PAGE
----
Published on 21 April 2023
Posted in How To
Garden and food writer Rekha Mistry, author of Rekha's Kitchen Garden provides her advice for preparing and maintaining a kitchen garden or allotment.
When you’re in the planning stages of creating a new kitchen garden, garden or allotment, or you’re tending to a piece of land that has been neglected for a while, the most daunting thought is often ‘where do I begin?!. Approach this task in sections. Clear and complete each section at a time, rather than everything all at once!
First thing to do is roughly map out the garden and label what direction the garden is facing. This will help orientate the beds position when creating or building. But first the land has to be cleared of any bramble and unruly creeping weeds. Before taking down any unwanted old established trees. It is best to check with the local council if under a protective variety. The last thing anyone wants is a court injunction notice.
Once the blank surface has been achieved a greenhouse, vegetable beds, dedicated fruit sections and composting areas need to be mapped out and created. Home gardens are perfect spaces for kitchen gardens because they are enclosed spaces with minimum wind to cause damage. Allotment sites aren’t always so lucky. Strong winds can cause a lot of damage to greenhouses, fruit trees and even tall varieties of vegetables. That said, there are still wonderful harvests to be had on allotment sites.
The key, especially for north-facing grow-spaces, is to provide wind break shelters like fence panels or semi permeable barriers by growing hedging to reduce the wind gusts. Fruit trees benefit from such shelter structures. In spring, when fruit trees are in blossom, these wind breakers help create calm surroundings allowing the flowers to stay intact, and not to be blown away. More importantly, wind breaks help achieve successful pollination by visiting bees. When fruit trees aren’t sheltered, windy conditions make it a little difficult for the bees and other pollinators to land on flower petals, resulting in a smaller fruit harvest.
When making the vegetable or fruit beds avoid making large beds. Width of no more than 1.5m is ideal so that beds can be accessed from the sides. This eliminates the need to step into and compact the newly dug or newly created treated sleepers raised beds. Also take care not to narrow the pathways between beds. 45-50cm spacing is ideal. This allows for a wheelbarrow to access beds with ease.
Composting areas should be positioned in a slightly shaded corner of the garden, with a bottomless base. This will help worms work their way up into the decaying matter. Greenhouse or sheds roofs are ideal structures to capture rain water. But if these buildings are not possible additions to the garden, simple shelter constructed over the compost bins with downpipes leading into the water-butt will help capture what every gardener calls rain in the summer months: liquid gold.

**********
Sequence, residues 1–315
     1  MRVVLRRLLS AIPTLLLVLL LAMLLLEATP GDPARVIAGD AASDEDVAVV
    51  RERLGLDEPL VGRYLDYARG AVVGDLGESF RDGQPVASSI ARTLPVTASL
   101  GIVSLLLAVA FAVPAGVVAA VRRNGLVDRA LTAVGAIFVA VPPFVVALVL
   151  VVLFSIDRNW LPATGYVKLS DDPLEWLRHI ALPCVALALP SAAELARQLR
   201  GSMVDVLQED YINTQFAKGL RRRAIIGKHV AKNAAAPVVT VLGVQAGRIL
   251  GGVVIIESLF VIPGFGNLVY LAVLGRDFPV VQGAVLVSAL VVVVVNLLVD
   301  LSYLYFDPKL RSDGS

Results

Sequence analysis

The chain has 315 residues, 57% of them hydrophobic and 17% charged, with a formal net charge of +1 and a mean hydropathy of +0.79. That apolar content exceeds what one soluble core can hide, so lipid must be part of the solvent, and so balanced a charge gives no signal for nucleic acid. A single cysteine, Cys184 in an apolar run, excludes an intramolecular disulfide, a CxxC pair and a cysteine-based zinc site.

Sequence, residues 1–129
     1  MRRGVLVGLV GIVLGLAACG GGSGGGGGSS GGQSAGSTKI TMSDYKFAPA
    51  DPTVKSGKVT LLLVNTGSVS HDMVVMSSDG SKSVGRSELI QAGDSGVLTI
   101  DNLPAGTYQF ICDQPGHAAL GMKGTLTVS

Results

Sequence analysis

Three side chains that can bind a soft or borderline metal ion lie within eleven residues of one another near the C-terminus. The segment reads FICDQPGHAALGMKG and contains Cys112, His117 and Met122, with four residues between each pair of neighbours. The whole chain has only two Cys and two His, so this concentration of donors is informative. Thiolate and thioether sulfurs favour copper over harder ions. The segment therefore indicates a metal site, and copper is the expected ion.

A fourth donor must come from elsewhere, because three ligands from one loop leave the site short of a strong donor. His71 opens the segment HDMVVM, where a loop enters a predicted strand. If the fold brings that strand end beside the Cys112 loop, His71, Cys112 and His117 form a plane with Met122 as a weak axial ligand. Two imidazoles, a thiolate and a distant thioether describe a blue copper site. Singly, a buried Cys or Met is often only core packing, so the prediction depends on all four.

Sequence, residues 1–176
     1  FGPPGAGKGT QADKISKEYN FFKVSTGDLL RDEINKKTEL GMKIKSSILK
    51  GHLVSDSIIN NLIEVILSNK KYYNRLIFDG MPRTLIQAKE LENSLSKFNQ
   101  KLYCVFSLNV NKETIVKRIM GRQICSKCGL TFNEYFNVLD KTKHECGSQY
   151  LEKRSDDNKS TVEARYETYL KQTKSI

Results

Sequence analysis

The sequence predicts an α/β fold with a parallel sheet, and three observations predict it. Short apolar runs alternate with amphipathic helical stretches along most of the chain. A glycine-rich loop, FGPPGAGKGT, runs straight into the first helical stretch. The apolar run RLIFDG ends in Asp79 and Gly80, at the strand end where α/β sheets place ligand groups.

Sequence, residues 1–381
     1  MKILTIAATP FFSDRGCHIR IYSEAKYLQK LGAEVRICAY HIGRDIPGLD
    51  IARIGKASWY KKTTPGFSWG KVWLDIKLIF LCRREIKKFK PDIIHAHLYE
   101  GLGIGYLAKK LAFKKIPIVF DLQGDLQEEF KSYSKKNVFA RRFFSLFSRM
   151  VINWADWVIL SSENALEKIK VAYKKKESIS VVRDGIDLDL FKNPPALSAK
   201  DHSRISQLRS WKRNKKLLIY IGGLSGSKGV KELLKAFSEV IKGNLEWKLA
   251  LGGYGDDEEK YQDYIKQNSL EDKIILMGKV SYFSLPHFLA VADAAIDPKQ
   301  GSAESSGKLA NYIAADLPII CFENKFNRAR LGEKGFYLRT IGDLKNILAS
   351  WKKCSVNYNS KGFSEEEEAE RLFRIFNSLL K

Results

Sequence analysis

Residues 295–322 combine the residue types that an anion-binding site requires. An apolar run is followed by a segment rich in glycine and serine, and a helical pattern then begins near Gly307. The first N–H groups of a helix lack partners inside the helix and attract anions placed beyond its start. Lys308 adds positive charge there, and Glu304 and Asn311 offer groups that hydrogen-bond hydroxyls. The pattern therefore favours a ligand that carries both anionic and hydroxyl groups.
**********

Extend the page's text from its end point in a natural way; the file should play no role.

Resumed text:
Spring months not only welcome new burgeoning life in vegetable seed trays in greenhouses; outdoor, weeds are also emerging! These early weeds are a good tell tale sign to say the outdoor soil is warming up. Best to knock and hoe them off before they take over the freshly prepared beds. Even through the summer months annual weeds will always want to be first in growth. At every opportunity pull out or knock them out with a hoe.
During the summer months, it is best to water plants either early morning before the sun starts to warm the soil or late in the evening as the sun sets. Plants will be sufficiently dehydrated during these coolers times and not be able to cope with the midday heat. Greenhouse conditions shouldn’t be ignored either. Wetting the floor and leaving a bucket of water will help raise humidity and therefore the plants will transpire less moisture keeping them hydrated in over 40˙C greenhouse conditions. High humidity also keeps pests like red spider mite away. They love hot dry air not tropical warm wet air.
As soon as flowering vegetables like tomatoes, beans, squashes, peas etc come into flower, a high potash feed like home made comfrey feed should be applied once a week, so the plants can keep up with the energy required for both healthy growth of plant as well as being a productive plant. During the summer months apply diluted nettle tea to the brassica varieties like cabbages and kale.
A good ratio to follow: two-thirds brown and one-third greens. By summer months woody plant waste has lessened. Brown cardboard is a good substitute and can be easily shredded and layered with the ever mounting pile of summer grass clippings, pruning and kitchen waste. Hot summers can quickly dry out the decomposing matter. Each month contents of compost bins need to be turned which helps with aeration. This is also a good time to check the compost has enough moisture to help with the breakdown of the content. Come autumn months, this compost will have broken down and this dark crumbly matter will be ready to mulch over beds.
Now, as the plot starts to slow down in the autumn some beds will still be in production with winter vegetables but those that are cleared can be sown with overwintering varieties of green manure. Green manure not only help reduce soil erosion during wet winters. Depending on variety, it stores nutrients in the leaves or roots too. Come spring when it is dug and turned back into the soil, so are those vital nutrients. Ready for the next vegetable to take up. Winter is far from quiet for a gardener. Gardens may be still and dormant but every gardener is making plans for the the following year. Marking out and ordering seed varieties, drawing out plans and cleaning and sharping tools in readiness for spring when the whole cycle starts again.
Rekha Mistry is a presenter, garden & food writer and author of Rekha’s Kitchen Garden.